Review of the reads – September 2021
Nothing Would Make Me Happier
by Christy Smyth
This collection of stories depicts a future England living through the unfolding disaster of an emotional pandemic known as the Sadness. As friends and loved ones begin to show signs of intense distress, or else disappear without a trace, those left behind try to make sense of what is happening – and suspicions arise that the government may be taking advantage of a grave situation for its own ends.
Each of Christy Smyth’s dark, surreal narratives centres on a different set of characters: from popular DJs to survivalists; teenage stoners to a debilitated superhero, and employees of the Department of Assisted Suicide – creating what he describes in one story as ‘a scatter graph of misery’, a zombieland of sorts, but with plenty of black wit along the way.
Against a backdrop of constant news updates, late-night discussions across the airwaves and deadpan humour, Smyth withholds key information to build a sense of unease – jokes without punchlines and characters failing to comprehend just what is going on at climactic moments.
The author’s creative use of language is already there in the book title – the sense of enthusiasm conveyed in the phrase ‘nothing would make me happier’ belying the hopeless effects of depression and a sense of nihilism. The title story itself completes the collection with a bleak, haunting vision that encompasses the best of English horror from the BBC adaptations of MR James to the morbid satire of Chris Morris’s Jam.
As with many of the titles published by Lincolnshire’s Plastic Brain Press, the book reflects an enduring fascination with the strange and an attention to the emotional detail and drabness of everyday British life, as well as an acceptance that the ‘new normal’ might be not unlike the old weird – as comforting, or discomforting, as that might be.
Published by Plastic Brain Press, Price £8.50
by Trevor Kerry
Writer and teacher Trevor Kerry is a regular contributor to this magazine’s sister publication The Lincolnshire Poacher. His new book draws on his years as a keen birder, focusing on the variety of wildlife across different regions of the UK from Lincolnshire’s fens and airfields, to the cities of Durham and London, and the isolation of Holy Island.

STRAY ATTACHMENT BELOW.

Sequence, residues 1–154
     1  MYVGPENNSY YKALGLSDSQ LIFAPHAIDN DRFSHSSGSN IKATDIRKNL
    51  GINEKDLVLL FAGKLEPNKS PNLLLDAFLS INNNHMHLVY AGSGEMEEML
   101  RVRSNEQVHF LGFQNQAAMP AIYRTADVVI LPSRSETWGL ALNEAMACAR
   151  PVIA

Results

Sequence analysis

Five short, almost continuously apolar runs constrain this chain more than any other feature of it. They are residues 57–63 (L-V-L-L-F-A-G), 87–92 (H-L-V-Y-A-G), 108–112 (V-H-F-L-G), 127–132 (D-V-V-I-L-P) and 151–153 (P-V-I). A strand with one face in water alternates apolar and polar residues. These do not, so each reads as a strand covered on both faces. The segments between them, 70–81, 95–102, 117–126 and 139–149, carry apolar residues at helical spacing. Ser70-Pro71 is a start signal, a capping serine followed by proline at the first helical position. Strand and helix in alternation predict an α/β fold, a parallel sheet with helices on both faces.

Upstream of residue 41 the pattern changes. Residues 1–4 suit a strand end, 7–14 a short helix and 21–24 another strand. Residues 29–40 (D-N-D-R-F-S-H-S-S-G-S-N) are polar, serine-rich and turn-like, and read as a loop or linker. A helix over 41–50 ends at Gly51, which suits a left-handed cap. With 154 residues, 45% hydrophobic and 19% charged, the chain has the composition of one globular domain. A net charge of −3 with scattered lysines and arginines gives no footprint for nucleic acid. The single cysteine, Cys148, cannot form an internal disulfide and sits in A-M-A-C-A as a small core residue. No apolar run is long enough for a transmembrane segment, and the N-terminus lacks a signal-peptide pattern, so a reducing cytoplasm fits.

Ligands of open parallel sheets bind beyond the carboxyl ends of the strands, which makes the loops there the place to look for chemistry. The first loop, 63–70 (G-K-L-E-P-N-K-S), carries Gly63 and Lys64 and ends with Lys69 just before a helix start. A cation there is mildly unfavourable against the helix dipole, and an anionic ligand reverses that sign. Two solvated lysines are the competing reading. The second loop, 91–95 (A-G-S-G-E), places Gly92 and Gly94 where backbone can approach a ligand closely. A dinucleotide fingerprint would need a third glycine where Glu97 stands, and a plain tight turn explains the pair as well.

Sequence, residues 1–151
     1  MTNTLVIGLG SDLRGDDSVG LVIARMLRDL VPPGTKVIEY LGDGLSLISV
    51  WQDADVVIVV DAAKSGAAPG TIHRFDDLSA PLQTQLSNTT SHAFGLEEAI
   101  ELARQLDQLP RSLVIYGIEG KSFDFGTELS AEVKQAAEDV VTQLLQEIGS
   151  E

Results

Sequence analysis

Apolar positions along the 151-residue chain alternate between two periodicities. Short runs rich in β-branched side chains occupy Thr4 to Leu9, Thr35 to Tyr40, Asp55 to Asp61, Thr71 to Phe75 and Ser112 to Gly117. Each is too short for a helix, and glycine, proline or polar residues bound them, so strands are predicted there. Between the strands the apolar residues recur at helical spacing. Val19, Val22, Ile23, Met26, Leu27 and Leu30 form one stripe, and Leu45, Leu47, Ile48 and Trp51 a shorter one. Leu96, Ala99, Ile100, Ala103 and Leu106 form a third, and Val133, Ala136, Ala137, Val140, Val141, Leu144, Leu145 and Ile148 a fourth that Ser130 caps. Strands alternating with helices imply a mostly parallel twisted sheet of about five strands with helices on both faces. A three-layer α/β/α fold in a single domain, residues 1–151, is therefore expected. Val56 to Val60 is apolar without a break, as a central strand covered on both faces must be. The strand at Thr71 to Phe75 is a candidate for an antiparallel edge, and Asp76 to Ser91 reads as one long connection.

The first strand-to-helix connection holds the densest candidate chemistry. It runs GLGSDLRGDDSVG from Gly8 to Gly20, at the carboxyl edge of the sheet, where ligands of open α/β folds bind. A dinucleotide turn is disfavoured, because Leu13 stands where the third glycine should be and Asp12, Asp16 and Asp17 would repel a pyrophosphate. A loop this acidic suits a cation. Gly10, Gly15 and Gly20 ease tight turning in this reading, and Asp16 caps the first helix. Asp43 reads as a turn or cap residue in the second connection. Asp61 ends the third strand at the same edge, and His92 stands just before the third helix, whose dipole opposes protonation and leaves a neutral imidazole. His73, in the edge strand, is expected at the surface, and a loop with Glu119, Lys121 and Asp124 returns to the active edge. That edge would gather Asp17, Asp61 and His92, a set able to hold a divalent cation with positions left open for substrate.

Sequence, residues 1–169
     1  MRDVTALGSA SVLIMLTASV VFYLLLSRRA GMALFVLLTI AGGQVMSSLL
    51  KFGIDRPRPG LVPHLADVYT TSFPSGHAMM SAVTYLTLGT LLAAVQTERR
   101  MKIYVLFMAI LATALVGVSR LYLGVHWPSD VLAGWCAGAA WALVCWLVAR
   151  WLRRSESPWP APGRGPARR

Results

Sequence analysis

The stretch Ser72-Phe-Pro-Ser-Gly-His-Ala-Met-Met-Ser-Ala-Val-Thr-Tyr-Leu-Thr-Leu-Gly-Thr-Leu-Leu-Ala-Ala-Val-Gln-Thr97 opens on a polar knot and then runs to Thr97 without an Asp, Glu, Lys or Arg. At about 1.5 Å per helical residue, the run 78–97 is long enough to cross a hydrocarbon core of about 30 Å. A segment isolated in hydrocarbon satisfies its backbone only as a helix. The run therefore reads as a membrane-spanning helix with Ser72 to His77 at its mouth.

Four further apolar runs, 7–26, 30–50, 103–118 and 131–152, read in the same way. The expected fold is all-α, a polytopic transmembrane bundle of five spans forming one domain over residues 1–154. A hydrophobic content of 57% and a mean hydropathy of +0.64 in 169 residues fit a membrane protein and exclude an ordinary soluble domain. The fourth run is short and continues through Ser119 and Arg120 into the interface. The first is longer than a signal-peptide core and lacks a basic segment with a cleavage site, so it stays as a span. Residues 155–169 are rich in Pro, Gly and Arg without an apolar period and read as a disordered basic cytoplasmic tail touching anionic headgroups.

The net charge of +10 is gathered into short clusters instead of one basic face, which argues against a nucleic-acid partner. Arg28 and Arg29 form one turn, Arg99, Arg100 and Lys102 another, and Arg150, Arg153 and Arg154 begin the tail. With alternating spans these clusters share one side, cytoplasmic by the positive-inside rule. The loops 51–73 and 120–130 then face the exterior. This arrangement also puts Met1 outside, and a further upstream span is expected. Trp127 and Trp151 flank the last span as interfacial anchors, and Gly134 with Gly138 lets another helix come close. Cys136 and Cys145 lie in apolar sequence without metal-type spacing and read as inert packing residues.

Attentive to the problematic influences of human development on natural habitats and the significant losses that have occurred over the decades, Kerry nevertheless foregrounds in richly described detail the colourful species of birds, grasses and insects that still populate local areas; how seemingly tranquil woodlands, parks and marshes are home to an unceasing diversity of life. This is conveyed not only through what is seen, but also what can be heard, felt and smelled.
Careful not to romanticise the natural world, Kerry reminds us, ‘Nature is not for the squeamish’. But his evocative prose will encourage non-expert readers to look up all those types of bird with which they are unfamiliar. And with the potential loss of more wildlife, a wealth of language might also go – that of siskins and redpolls; the ‘chack’ of fieldfares, the ‘tzee’ of the treecreeper.
Kerry draws out the comparisons between the aerial movements and conflicts among birdlife and those of our wartime past. In doing so, he not only sees the struggles of human life reflected in nature but also compresses eras, ancient and modern. Against such comparisons, Kerry tracks the finer distinctions of place and season, saying ‘nature’s intrigue resides in its exceptions’; the moors and the fens are ‘differently wild, differently harsh’.
Kerry shows that we needn’t travel to the furthest reaches to find this abundance of wildlife, that it can even be found in our back gardens – if, that is, we give it the chance to flourish.
Published by the author, available from Amazon, Price £12